Driving County Roads

An on line journal sharing my views. The content reflects my background as a rural person employed in agriculture and as a retired elected official of local government.

Friday, March 26, 2010


Passing the sales tax amendment in November 2008 was one of the stupidest things ever done by the Minnesota voters. We, the voters are responsible for this mistake, only because the legislators, after years of wrangling about the issue, said, "let the people decide". Then they put the amendment to the constitution process in place.

If clean water, parkland, trails, and culture are important to Minnesota citizens (which the positive vote in Nov. 2008 showed to be the case), then you senators and representatives should have provided funding EVEN IF it meant raising taxes. But no----you folks would not do it because it might look bad on your voting record and voters may turn to someone else the next time you were on the ticket.

So you crafted a constitutional amendment that would raise the rate of our state sales tax by 3/8ths of one percent and dedicate the money to wildlife, water, parks, and the arts. 56% of the voters said, "yes" and because they did, today there is a big fight for the money. You legislators should have known better. The amendment did not set up a specific structure to distribute the money and now we have organizations coming out of the woodwork in a royal battle over "getting our share of the money".

There is argument about the meaning of the language in the amendment. What part of "protect, enhance, and restore" is so difficult to understand? Wildlife groups want the money to be spent for ONLY "on the ground" projects and when some folks suggest spending on management --like of land the DNR already owns, they get all huffy. If the conservation groups demand on the ground projects they should be really upset about the $750,000 that went to the U of M Water Resource Center to create a comprehensive 25 year "Minnesota Water Sustainability Framework" plan. That seems like a lot of tax money needlessly spent when every county is required to do a water plan and update it every five years. How much work could it be to access 87 plans and consolidate them?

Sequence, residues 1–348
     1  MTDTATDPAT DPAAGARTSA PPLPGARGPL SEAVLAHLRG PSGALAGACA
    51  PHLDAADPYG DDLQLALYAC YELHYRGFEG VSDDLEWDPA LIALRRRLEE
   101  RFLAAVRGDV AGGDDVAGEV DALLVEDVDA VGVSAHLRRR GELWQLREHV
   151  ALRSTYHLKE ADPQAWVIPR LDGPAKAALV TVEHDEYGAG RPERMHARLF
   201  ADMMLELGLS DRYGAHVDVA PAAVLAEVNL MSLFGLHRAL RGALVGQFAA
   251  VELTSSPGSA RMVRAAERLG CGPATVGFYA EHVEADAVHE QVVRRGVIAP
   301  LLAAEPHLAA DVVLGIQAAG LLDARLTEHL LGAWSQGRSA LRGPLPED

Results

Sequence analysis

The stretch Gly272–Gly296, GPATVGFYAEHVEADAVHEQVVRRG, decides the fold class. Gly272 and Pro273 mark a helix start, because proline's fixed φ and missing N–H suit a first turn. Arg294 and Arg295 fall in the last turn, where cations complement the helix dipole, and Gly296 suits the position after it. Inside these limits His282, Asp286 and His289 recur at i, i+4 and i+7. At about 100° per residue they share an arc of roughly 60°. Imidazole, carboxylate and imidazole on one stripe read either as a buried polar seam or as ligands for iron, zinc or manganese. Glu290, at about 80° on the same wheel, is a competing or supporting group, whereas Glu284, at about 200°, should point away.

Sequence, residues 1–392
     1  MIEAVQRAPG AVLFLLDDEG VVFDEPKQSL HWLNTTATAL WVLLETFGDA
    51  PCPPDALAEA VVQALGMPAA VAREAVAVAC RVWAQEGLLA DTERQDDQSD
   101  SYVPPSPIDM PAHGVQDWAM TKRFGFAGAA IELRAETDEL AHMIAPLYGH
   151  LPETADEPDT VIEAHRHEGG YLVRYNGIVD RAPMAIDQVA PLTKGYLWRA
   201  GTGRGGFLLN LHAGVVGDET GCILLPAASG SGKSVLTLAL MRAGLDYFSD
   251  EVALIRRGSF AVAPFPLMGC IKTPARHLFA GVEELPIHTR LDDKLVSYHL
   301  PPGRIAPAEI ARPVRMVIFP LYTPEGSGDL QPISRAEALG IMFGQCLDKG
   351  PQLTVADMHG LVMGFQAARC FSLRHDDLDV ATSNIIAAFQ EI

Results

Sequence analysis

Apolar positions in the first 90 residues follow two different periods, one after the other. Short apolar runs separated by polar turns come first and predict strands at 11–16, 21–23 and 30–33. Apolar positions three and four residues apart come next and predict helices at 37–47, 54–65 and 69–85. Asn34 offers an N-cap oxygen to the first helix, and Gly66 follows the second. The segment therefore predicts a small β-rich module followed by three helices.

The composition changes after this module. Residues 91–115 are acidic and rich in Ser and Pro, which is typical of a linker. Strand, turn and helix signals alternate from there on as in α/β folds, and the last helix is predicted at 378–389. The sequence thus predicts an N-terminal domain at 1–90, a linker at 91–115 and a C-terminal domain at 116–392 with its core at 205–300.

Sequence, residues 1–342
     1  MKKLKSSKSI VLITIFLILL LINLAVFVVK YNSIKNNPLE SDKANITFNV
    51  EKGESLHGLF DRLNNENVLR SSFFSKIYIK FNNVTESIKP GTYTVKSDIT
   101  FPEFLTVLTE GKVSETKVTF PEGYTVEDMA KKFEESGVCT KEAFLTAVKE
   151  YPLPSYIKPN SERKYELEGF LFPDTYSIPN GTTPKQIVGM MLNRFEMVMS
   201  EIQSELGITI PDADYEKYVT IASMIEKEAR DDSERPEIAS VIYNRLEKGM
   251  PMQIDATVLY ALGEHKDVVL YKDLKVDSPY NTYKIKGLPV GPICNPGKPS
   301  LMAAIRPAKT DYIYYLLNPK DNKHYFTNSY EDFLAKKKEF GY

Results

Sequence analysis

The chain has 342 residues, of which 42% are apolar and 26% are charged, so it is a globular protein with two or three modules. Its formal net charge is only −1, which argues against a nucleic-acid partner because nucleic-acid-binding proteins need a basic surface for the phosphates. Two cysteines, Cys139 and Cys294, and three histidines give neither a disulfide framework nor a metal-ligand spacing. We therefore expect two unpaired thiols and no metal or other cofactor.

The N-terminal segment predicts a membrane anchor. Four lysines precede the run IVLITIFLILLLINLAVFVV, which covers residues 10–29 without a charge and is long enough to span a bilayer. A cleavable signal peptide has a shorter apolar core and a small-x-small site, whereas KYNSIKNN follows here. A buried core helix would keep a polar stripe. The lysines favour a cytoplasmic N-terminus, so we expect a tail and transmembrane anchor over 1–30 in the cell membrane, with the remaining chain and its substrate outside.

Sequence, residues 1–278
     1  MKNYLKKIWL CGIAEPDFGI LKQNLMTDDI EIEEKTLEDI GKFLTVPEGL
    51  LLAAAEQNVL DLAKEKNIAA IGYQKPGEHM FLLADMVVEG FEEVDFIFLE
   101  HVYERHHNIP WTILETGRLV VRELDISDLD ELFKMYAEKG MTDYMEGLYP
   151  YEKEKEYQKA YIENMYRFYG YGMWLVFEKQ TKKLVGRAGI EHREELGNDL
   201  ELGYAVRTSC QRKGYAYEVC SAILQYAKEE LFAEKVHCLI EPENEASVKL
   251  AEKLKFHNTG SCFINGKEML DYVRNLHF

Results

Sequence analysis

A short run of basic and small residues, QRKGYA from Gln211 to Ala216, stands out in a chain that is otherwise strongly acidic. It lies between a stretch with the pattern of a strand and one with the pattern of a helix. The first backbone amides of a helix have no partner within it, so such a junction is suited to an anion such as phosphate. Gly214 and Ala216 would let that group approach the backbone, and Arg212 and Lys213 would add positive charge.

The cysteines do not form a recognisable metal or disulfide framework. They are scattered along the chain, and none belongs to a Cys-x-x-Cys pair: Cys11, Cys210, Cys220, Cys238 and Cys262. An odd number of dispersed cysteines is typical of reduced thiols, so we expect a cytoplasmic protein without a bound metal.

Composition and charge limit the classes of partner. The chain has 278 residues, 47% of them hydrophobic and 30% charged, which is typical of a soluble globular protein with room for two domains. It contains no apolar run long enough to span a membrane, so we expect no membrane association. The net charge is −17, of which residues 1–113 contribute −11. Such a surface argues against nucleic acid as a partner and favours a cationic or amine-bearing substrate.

Most of the time, Minnesota excels in the way we do public policy. This was not one of those times. This amendment will cost us much more than any tax increase and the worst result is further polarization among groups who are working for the same results ---a good quality of life in our state. Taxpayers have a right to be very disappointed. end

Friday, March 19, 2010


It looks like the big gunfight on reforming health care will be coming this week-end. The whole health care issue is very complicated and many articles indicate that no one seems to know why. This household has tried to educate ourselves by reading many articles, letters to the editor, watching Bill Moyers, and the McNeil Lehrer report as well as special shows dedicated to the subject. Our take on this issue is as follows:
  1. Like most other issues, Minnesota seems to do things better in the area of health care.
  2. Doing it better has meant we are penalized.
  3. Our state insurance regulators have made sure insurance companies that do business here offer basic coverages without penalizing subscribers.
  4. Our system is bogged down in paperwork as compared to other countries - hence adding to the cost.
  5. No matter what the vote is on Sunday night, the insurance companies will come out winners.


Saturday, March 13, 2010

Regulations are a good thing!

Sometimes we get a little disgusted because it seems like we need to get permission just to do stuff that makes our lives worth living. Example: the Gopher One call. We need to make that call before we do any digging in road right of way - even if it is something as simple as planting a flower. If we want to build a new building, add on to a building, blacktop a driveway, add a new field approach, - all of these activities require "asking permission" of some entity and perhaps having to get a permit.

Usually we consider this "just another interference" from some unknown governmental agency. Sometimes our attitude is that "these folks are doing this to perpetuate their jobs." These are typical human responses.

The human response can change with changing conditions. For example, the human response changes very quickly when our neighbor wants to expand his or her livestock business; or put up a dog kennel; or start a home business; or lease land to a developer for commercial wind turbines. When conditions change and we walk in someone else's shoes, we are not so upset about having rules and regulations in place. My experience has been that - when conditions change; it is common for folks to desire even stricter regulations.